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VANITIES OF THE WORLD

Dictum

It was most unfortunate and excruciatingly uncomfortable that because of the vanities of the world, the Appellants who grew up together with the Respondent as members of one family, and whose parents in their wisdom and benevolence, and in particular, legitimately, accepted and received the Respondent as a member of their family, would dramatically turnabout to disown him, question his legitimacy and membership of their family as established by their late parents.

– Mbaba JCA. Aduba v. Aduba (2018)

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PROOF OF CHILD ADOPTION IS ESSENTIAL

You cannot pick children any how. Since Sarah and Emmanuel are not biological children of the plaintiff and her late husband evidence of adoption was material. Proof of adoption is essential both for the adopter and the adopted person or any other person for the purpose of devolution of property on the intestacy. From the pleadings, the burden of proof rested on the plaintiff/respondent who substantially asserted the affirmative of adoption of Sarah and Emmanuel. This forms an essential fact of the case of the plaintiff and if she could tender a certified true copy of the marriage certificate between her and the deceased husband, it was strange that she was unable to tender any documentary evidence establishing the adoption or offering any acceptable evidence to that effect. The burden of proof lies on him who affirms a fact, not on him who denies it.

– Remilekun Olaiya v. Mrs. Cornelia T. Olaiya & Ors. (2002) – SC.190/1999

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RESPONDENT WAS ADOPTED TO BRING PRIDE

The Respondent was received into their family when he was five years old and he knew no other parents than the Late Aduba Ohagwam Nwaemere and the Late Mrs. Felicia Nwugo. He was adopted to bring succour and sense of belonging and pride to the said late Felicia Nwugo whose only biological son died sometime before the adoption or acceptance of the Respondent in 1972.

– Mbaba JCA. Aduba v. Aduba (2018)

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ADOPTION OF A CHILD IS A SERIOUS MATTER

The issue of adoption of a child and the consequences of it cannot be so casually disposed of by a court of law as the court below seemed to have done. No one will lightly permit a stranger to claim his or her family lineage and inheritance unless through entitlement by blood or genuine adoption. Since the respondent failed to discharge the burden of proving adoption, there can be no basis for including the said Emmanuel and Sarah as beneficiaries of the estate of Solomom Kayode Olaiya (deceased) as was done in the judgment of the trial court.

– Uwaifo, JSC. Olaiya v. Olaiya (2002) – SC.190/1999

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ONCE ADOPTED ALWAYS ADOPTED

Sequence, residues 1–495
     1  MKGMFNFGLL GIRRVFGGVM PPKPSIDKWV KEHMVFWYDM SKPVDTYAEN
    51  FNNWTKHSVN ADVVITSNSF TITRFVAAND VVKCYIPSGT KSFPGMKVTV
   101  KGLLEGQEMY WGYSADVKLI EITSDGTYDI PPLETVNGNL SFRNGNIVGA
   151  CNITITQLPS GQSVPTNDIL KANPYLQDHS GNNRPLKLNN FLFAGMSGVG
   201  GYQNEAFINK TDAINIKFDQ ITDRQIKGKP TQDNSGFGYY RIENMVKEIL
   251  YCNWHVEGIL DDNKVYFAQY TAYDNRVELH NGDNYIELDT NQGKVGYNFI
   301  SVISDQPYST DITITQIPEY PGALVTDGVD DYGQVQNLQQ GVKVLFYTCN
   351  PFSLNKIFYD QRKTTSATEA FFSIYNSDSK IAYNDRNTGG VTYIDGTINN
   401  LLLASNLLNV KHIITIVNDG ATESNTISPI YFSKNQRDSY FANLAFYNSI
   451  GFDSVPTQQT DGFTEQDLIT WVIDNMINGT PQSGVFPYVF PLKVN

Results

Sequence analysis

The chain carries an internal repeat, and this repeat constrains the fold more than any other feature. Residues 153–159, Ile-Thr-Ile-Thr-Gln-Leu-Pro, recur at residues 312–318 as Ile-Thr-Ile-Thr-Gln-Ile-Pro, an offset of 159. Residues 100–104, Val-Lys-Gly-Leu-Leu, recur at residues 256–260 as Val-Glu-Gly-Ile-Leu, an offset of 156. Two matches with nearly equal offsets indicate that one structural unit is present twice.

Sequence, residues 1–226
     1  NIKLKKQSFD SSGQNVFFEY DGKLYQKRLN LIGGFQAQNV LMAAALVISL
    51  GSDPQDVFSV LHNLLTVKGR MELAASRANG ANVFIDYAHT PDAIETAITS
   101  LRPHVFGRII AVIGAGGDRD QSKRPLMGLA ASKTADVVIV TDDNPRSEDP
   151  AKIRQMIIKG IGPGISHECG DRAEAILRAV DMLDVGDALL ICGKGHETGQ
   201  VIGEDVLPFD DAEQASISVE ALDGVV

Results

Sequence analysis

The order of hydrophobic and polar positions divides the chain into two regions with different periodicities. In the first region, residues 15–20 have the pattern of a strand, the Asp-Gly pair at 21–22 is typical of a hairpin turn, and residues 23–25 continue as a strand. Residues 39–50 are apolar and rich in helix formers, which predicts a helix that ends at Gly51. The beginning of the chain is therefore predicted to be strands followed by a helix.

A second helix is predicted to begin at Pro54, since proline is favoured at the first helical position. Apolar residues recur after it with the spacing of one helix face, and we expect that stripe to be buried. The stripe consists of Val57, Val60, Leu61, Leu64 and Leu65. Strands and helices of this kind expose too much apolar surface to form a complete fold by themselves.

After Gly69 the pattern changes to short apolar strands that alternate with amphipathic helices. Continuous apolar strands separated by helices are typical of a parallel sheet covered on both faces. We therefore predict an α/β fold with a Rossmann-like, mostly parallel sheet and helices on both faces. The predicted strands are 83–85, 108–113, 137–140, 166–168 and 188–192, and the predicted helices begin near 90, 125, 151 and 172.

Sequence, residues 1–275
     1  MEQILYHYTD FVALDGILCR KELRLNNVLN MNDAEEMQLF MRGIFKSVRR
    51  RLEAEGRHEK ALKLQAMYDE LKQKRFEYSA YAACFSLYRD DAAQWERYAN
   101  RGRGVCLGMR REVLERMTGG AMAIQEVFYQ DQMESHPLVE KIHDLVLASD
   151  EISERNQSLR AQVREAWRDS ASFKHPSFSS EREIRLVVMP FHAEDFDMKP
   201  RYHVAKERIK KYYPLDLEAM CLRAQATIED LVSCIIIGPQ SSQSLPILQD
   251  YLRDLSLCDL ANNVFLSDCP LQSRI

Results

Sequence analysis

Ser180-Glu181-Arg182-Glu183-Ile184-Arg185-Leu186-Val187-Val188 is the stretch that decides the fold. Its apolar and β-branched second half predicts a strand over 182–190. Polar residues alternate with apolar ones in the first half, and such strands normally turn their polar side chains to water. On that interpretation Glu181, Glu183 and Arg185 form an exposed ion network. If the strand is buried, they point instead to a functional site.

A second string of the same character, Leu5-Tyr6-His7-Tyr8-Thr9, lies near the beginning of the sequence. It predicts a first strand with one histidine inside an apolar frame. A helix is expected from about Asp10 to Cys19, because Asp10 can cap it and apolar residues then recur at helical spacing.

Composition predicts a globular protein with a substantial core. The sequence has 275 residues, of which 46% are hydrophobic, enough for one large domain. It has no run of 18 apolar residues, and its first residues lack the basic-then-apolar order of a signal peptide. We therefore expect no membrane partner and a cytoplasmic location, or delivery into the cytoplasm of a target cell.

I think this case is at the root of National Public Policy and constitutional rights of persons/citizens in our jurisprudence. Where a child, taken from an orphanage or Social Welfare Department, is adopted or received and integrated into a family setting and given a name or allowed the name of the family of the adoptor(s), or person who shows love and benevolence to the unfortunate child, he should not and cannot be left at the vice or mercy of the other children/relations of the adoptor(s), be they biological children or other beneficiaries of the estate of the adoptor(s).It would be wrong, in my view, to remind and play back the sad and ugly circumstances of the childs birth, taunt, mock and discriminate against him, and subject him to ridicule, just because somebody wants to deny him the benefit(s) of the estate of his adoptor.

– Mbaba JCA. Aduba v. Aduba (2018)

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ADOPTION OF A CHILD CANNOT BE QUESTIONED LATER BY THIRD PARTIES

And whether the word adoption of a child, is used in the strict, legal and statutory sense, or loosely, I think, once it is shown that the child was intentionally accepted and integrated into the family, and made to feel a sense of belonging by the adopting parent(s) or person(s), nobody should or can rise up to question the good gesture of the adopting parent(s) or person(s), and deny the child (now grown adult) share in the covering, gains, benefits or liabilities, accruing from the common patrimony or estate of the adoptor(s) or person(s), who adopted the child.

– Mbaba JCA. Aduba v. Aduba (2018)

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HE WHO ASSERTS ADOPTION MUST PROVE

The Adoption Law of Lagos State (Cap.5) which came into force on 21st September, 1968 was the only applicable law on adoption in Lagos at the material time. It has not been shown that the said adoption of Emmanuel and Sarah was done under that law. If that had been so, the best evidence would have come from the Adopted Children Register established under section 16 of that law. The burden is on the respondent to produce that evidence. The law is that he who asserts the affirmative has the onus of proving it by virtue of section 135 of the Evidence Act.

– Uwaifo, JSC. Olaiya v. Olaiya (2002) – SC.190/1999

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